Review Services Start and Stop times via Windows Event Log And Powershell


Weeks ago, one of our critical applications experienced a down time because SQL Server did not auto-start post application of Windows Patches.

Over the weekend, new patches were applied and unfortunately I am just now reviewing the SQL Instances to make sure everything is good this time.

Better late than never is a silly excuse.

But, I really do have to close this Service Now ticket that requests the DBA validation; we have already exceeded our SLA.


MS Windows Event Log is not so flexible for text searches.  I am able to filter on specific categories, but forget about it when it comes to looking for just specific services start and down times.

It is easy enough to do if I issue Transact SQL Queries or just looking at datetime stamps of sql server errorlog files.

But, I wanted an excuse to script services start and stop times

I really looked old and sluggish and it took a lot longer than it should.

But, here is what we have thus far.




Here are images of the data


Detail – XML


  1. EventData
    • EventData – param1
      • SQL Server (MSSQLServer)
    • EventData – param2
      • running


# define parameters

# log system to target

# provider name
$providerName="Service Control Manager"

#event ID

# only return entries that have sql in their name

# use wilcard *message*
$messageWildcard=[string]::Concat($CHAR_WILDCARD, $message, $CHAR_WILDCARD);

# gete events use wilcard *message*
$events = Get-WinEvent -FilterHashtable @{LogName=$logName; ProviderName=$providerName; ID=$eventID} | 
			where {$_.Message -like $messageWildcard} |
			Sort-Object -Property TimeCreated -Descending 

#alternate filtering mechanism
$eventSQL = $events | where {$_.Message -like $messageWildcard};

#if data returned
if ($eventSQL) {

	#Add Service Name to object property list
	$eventSQL | Add-Member -Name 'serviceName' -Type NoteProperty -Value "";
	#Add Service Status to object property list	
	$eventSQL | Add-Member -Name 'serviceStatus' -Type NoteProperty -Value "";

	# Parse out the event message data            
	ForEach ($eventObj in $eventSQL) {  
		# Convert the event to XML            
		$eventObjXML = [xml]$eventObj.ToXml()            
		# Iterate through each one of the event Data fields
		# get handle to event // eventData // Data	
		For ($i=0; $i -lt $eventObjXML.Event.EventData.Data.Count; $i++) {            
			# get handle to event // eventData // Data // Name	
			$itemName = $eventObjXML.Event.EventData.Data[$i].name;
			# get handle to event // eventData // Data // Text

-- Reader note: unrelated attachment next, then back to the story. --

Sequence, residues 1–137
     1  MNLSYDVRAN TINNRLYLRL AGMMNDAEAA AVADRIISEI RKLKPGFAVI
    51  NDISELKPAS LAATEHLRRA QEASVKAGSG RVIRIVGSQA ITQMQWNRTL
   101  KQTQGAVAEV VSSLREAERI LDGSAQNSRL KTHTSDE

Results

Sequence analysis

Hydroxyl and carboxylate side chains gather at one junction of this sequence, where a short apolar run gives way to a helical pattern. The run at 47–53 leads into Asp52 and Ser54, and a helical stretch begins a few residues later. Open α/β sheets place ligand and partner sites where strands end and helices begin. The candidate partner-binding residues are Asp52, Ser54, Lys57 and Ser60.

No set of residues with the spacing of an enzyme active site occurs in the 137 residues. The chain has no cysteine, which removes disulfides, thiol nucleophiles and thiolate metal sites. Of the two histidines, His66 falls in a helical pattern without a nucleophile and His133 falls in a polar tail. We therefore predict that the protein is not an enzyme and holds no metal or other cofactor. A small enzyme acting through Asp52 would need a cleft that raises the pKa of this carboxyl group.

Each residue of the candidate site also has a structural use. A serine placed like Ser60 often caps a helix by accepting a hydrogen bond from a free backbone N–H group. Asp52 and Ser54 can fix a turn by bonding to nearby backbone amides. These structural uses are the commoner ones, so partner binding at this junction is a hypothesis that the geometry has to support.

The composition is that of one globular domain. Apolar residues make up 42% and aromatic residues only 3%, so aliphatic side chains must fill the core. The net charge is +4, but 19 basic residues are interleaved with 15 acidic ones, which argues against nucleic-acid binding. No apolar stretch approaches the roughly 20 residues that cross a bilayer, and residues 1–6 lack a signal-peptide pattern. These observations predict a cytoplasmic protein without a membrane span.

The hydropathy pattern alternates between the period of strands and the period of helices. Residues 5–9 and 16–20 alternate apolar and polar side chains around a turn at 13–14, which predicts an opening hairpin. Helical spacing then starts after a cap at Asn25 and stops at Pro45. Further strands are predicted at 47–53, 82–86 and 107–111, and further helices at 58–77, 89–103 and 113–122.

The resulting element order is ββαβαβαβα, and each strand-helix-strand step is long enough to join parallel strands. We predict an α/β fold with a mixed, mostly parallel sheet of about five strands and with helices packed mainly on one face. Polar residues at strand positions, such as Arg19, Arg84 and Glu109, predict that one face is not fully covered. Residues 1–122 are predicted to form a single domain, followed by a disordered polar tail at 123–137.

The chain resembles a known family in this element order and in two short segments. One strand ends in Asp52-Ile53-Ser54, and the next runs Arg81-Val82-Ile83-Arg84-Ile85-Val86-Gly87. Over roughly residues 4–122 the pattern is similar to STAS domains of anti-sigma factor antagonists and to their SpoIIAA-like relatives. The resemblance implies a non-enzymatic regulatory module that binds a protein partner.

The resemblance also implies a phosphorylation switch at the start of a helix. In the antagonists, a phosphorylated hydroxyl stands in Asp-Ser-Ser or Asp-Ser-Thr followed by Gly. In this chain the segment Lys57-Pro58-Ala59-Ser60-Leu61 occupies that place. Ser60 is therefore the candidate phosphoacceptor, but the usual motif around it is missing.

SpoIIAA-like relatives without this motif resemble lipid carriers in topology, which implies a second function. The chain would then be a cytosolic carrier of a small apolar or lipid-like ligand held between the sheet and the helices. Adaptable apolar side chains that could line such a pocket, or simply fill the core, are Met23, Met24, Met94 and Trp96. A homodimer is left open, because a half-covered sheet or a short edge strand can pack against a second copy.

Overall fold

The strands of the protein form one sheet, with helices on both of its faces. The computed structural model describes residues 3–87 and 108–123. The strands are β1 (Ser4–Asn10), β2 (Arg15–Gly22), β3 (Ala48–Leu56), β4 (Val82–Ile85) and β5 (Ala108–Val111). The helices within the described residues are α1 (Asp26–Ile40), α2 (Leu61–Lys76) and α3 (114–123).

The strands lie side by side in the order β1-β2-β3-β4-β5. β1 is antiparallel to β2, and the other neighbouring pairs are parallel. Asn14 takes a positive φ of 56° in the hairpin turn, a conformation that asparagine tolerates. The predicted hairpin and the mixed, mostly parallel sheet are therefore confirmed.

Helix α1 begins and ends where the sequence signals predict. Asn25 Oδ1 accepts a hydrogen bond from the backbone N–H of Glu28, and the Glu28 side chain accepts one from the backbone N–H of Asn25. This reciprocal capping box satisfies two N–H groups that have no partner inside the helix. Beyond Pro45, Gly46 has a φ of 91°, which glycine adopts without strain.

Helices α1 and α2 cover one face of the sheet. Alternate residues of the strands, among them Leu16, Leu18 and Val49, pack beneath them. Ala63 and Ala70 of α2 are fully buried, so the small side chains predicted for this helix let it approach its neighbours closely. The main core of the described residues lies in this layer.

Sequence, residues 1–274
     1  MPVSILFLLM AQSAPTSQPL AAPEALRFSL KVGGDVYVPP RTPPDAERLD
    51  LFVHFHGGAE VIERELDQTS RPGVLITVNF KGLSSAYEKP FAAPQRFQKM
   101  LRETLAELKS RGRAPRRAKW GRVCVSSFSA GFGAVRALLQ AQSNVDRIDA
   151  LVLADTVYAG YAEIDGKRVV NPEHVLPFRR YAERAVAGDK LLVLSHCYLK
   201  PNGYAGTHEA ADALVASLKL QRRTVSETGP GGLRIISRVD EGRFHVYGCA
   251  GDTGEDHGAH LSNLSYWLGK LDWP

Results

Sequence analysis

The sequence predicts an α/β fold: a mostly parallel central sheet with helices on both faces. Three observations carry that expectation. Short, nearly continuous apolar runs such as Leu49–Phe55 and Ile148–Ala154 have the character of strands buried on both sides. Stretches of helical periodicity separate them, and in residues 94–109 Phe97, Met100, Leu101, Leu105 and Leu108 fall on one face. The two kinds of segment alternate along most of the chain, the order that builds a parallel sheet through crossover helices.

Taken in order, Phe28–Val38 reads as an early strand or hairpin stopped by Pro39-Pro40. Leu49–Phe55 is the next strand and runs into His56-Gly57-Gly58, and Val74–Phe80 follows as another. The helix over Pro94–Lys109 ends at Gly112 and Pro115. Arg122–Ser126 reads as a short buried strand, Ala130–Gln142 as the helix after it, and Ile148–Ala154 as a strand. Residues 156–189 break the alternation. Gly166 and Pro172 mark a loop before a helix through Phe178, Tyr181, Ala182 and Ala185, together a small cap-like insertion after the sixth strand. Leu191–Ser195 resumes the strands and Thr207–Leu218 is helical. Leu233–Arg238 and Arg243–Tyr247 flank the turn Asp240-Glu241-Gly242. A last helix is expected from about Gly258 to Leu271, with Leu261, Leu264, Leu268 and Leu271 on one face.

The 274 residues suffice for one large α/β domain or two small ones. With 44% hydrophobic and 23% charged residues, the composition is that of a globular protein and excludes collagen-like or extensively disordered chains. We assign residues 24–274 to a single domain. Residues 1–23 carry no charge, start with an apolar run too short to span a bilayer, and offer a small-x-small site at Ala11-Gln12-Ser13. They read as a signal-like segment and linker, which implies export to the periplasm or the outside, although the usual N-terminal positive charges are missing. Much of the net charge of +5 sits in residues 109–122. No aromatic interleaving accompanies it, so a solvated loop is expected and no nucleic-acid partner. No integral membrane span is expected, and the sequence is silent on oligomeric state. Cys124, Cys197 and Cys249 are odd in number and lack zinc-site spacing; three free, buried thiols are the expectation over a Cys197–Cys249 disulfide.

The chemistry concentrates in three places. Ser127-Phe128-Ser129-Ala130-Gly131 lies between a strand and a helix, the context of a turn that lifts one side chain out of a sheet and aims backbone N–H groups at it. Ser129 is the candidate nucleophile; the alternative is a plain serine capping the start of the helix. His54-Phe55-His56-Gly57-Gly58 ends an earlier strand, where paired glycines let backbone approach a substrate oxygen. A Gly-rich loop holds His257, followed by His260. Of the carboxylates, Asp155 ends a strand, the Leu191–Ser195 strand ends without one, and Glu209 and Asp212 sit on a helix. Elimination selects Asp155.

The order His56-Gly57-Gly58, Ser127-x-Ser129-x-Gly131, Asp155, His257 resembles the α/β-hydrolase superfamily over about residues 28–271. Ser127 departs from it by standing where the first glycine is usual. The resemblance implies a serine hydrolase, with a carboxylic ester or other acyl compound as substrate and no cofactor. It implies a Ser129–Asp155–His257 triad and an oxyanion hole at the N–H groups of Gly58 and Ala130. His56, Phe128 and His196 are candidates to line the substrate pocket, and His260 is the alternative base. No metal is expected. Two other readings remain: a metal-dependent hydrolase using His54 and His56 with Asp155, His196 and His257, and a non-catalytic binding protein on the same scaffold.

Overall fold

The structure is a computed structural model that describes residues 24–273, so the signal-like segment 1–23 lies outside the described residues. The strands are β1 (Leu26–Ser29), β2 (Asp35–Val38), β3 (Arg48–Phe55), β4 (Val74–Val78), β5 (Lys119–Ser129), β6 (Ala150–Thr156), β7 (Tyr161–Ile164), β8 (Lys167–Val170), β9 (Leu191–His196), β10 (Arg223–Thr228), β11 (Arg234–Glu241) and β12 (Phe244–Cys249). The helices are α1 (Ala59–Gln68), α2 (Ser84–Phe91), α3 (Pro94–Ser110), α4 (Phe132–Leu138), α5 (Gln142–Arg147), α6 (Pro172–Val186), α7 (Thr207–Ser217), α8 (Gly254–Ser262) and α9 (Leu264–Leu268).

$itemValue = $eventObjXML.Event.EventData.Data[$i].'#text';
			# if attribute name is param1, we are fetching the service name
			if ($itemName -eq "param1")
				$eventObj.serviceName = $itemValue;
			# if attribute name is param2, we are fetching the service state
			elseif ($itemName -eq "param2")
				$eventObj.serviceStatus = $itemValue;
		} ## for event data
	} ## move to next event object           
	## display data
	$eventSQL | Select-Object TimeCreated, Message, serviceName, serviceStatus | Format-List



Nothing original here as can be deduced by the many people listed in the References section.

Having acknowledged so, it still amazes how many people put in so much work and happily package it in such a way that someone else can feel comfortable following behind.

For some of us it takes a lot longer, yet we know we know we will get there someday; as there is proof others did.


Source Code Control


Availed on GitHub here.


  1. Microsoft | Technet
    1. Ashley McGlone
      • PowerShell Get-WinEvent XML Madness: Getting details from event logs
  2. Microsoft | Developer Network
    • JuanPablo Jofre
  3. Microsoft | Technet
    • The Scripting Guys
      • Use FilterHashTable to Filter Event Log with PowerShell
  4. PoshCode: PowerShell Code Repository
    • Cameron Wilson
      • Get-LatestEventFromAllLogs
  5. Mike F Robbins
    • PowerShell: Filter by User when Querying the Security Event Log with Get-WinEvent and the FilterHashTable Parameter
  6. Josh Ancel
    • Filter Event Log on Message string using PowerShell
  7. Colleen Morrow
    • Parsing Windows event logs with PowerShell
  8.  Netwrix
    • Russell Smith
      • Advanced Event Log Filtering Using PowerShell
  9. Techrepublic
    • Greg Shultz
      • How to extend your event log search capabilities with PowerShell’s Get-EventLog cmdlet
  10. 4SysOps
    • Luc Fullenwarth
    • Using Get-WinEvent to look at Windows Event Log

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